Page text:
Compute Units 64 36 64 64 56 64 56
Stream Processors 4096 2304 4096 4096 3584 4096 3584
Performance 8.6 TFLOPS
8.6 (FP16) TFLOPS
5.8 (FP16) TFLOPS
26 (FP16) TFLOPS
Up to 13+ TFLOPS
26+ (FP16) TFLOPS
~25 (FP16) TFLOPS
22 (FP16) TFLOPS
Texture Mapping Units 256 144 256 256 TBA 256 224
Render Output Units 64 32 64 64 TBA 64 64
Memory Bus 4096-bit 256-bit 2048-bit 2048-bit 2048-bit 2048-bit 2048-bit
Bandwidth 512GB/s 256GB/s 484GB/s TBA TBA TBA 400GB/s
TDP 275W 150W 300-375W TBA TBA TBA TBA
Launch 2015 2016 June 2017 July 2017 July 2017 December 2017 December 2017
Price $649 US $199 (4 GB)
$229 (8 GB)
$999 (Reference)
$1499 (Liquid)
$499 (Reference)
$549 (Limited Air)
$599 (Liquid)
$649 (Liquid LE)
$399 TBD TBD

AMD Radeon Vega Frontier Edition Performance Benchmarks Are Here

For testing, Klaudius used an Intel Core i7-4790K system running on an ASUS Maximus VII Impact motherboard with 16 GB of DDR3 ram and an Samsung 850 EVO SSD for the Windows 10 OS. The system was running the AMD Radeon Vega Frontier edition optimized drivers which allow switching between Pro and Gaming Mode.

One thing to note is that the system was supplied power through a 550W PSU which is totally not recommended for a system with a graphics card with a rated TDP of 300W but it ran the benchmark without any problem, but could affect clock speeds.

Note – GPU-Z isn’t yet updated for the Radeon Vega Frontier edition and hence isn’t correctly reading the specifications of this card. Micron has no HBM2 memory under production which is also falsely listed.

AMD Radeon Vega Frontier Edition 3DMark Performance/Extreme/Ultra Scores:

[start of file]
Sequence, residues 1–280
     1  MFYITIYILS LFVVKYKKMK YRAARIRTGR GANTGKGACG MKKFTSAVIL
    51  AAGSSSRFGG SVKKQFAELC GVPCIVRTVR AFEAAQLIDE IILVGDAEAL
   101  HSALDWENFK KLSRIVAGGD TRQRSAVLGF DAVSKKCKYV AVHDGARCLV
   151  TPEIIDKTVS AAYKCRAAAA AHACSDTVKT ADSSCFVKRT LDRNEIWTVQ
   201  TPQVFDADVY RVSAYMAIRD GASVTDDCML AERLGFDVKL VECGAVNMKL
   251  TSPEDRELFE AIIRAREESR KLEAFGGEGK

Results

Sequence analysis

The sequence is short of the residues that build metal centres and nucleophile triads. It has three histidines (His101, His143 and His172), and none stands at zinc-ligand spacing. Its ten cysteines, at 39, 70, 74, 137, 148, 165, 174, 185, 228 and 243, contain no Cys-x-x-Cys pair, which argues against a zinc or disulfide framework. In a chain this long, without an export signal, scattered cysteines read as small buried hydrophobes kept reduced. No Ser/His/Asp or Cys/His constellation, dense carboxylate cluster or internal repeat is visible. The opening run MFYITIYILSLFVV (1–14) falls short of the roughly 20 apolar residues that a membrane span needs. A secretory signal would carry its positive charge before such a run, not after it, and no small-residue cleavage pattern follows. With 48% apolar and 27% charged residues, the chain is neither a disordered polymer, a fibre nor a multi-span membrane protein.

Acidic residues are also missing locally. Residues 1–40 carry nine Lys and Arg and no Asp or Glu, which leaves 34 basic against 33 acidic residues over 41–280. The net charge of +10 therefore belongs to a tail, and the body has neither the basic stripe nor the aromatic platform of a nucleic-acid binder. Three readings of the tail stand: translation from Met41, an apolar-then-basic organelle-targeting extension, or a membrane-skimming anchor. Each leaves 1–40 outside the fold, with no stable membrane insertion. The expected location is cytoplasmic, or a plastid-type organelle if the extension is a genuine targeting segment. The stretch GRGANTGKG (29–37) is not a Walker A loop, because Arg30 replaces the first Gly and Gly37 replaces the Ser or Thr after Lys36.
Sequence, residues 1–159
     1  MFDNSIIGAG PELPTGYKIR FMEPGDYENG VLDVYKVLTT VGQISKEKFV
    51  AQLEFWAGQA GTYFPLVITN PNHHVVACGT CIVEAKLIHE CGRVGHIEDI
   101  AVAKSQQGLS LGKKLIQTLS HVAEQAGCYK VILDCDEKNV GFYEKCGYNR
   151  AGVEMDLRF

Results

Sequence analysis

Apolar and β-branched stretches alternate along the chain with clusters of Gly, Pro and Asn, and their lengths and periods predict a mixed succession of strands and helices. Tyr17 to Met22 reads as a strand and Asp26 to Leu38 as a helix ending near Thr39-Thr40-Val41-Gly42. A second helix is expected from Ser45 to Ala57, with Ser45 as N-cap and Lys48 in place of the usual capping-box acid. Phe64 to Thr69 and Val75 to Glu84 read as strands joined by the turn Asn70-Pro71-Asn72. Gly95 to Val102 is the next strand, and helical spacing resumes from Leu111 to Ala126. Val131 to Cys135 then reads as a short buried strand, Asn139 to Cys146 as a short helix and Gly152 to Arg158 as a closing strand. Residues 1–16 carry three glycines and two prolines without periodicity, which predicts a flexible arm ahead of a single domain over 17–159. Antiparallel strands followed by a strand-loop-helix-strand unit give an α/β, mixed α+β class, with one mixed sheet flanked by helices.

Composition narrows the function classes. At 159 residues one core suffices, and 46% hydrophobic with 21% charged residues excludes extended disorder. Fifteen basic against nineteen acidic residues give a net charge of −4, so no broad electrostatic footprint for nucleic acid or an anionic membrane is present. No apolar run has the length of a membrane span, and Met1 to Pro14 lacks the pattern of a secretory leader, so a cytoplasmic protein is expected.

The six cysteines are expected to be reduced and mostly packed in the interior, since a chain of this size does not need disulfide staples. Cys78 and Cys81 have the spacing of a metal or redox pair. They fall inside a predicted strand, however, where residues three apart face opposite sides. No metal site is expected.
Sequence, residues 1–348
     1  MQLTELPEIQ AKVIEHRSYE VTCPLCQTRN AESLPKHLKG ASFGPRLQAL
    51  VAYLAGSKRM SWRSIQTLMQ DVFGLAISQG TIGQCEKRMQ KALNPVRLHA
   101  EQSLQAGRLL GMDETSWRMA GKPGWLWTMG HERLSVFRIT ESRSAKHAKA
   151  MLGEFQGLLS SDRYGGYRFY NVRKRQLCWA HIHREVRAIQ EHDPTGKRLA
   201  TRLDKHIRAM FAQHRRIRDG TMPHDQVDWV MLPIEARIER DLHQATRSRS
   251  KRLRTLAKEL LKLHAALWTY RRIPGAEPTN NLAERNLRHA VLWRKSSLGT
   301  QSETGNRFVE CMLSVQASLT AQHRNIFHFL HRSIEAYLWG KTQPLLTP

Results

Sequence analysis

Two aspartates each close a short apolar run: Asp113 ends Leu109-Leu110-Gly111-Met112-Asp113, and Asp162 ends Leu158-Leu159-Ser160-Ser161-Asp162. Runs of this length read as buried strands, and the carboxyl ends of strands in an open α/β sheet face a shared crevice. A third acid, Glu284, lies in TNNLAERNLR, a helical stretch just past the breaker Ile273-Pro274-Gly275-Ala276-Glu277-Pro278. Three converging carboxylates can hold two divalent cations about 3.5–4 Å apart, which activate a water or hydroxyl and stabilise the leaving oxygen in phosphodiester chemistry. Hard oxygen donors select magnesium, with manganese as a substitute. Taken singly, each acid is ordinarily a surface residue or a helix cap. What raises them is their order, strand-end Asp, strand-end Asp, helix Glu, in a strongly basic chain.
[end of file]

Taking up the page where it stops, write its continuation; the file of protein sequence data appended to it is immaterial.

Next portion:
For now, the graphics card has been tested in 3DMark Firestrike and scores 17,313 points in the benchmark which is comparable to a NVIDIA GeForce GTX 1080 graphics card. Even the Maxwell based GeForce GTX Titan X is faster if we are to compare scores of reference cards with older GPU drivers.

NVIDIA GeForce GTX 1080 3DMark performance benchmark results with older GeForce drivers. (Image Credits: Videocardz)

AMD Radeon Vega Frontier Edition SPECviewperf 12.1 Performance:

Klaudius (#define) has exclusively shared with us even more benchmarks of the Radeon Vega Frontier edition. The tests were performed with the Core i7-4790K overclocked to 4.4 GHz and results are posted in the screenshots below:

If we were to compare these results to NVIDIA’s Quadro solutions, then we will find that the card falls somewhere between the last generation Quadro M6000 (Full Maxwell GM200) and the current generation Quadro P5000 (Full Pascal GP104). You can compare the results of the Radeon Vega FE with these cards from the following charts which HotHardware posted in their detailed P6000 card review.

AMD Radeon Vega Frontier Edition Live Unboxing and Overclocked Performance Testing

A YouTube user by the name of Jerico Jerico has uploaded videos where he has has unboxed and tested the AMD Radeon Vega Frontier Edition graphics card. You can see the tests being performed in various benchmarks and the clock rates are also shown for the card itself.

What’s surprising about these tests is that the graphics card was also overclocked to 1650 MHz on the core and 960 MHz on the memory allowing which has been stated as the maximum stable overclock for this card. The power limit was increased to +50 while the temp limit was increased to 85C. The fan speed was also configured to operate at 100%. With such settings, the card reached a temperature of 80C in an open air bench. You can see the video below:

AMD Radeon Vega Frontier Edition Game and Synthetic Benchmarks:

Games Tested:

  • Metro Redux (4K, Very High Settings)
  • Doom (4K, Nightmare Vulkan, 8x TXAA)
  • Witcher 3 (4K, Ultra Preset, Vsync On, NVIDIA Gameworks off)
  • Hitman (4K, Ultra Preset, DirectX 12, VSync 50% FPS, SMAA)

The user also tested the card in mining and it achieved a hash rate of 29-33 MH/s with overclocked settings.

We can expect more benchmarks from Klaudius as he tests his card in various other performance benchmarks so stay tuned as we will be updating this article.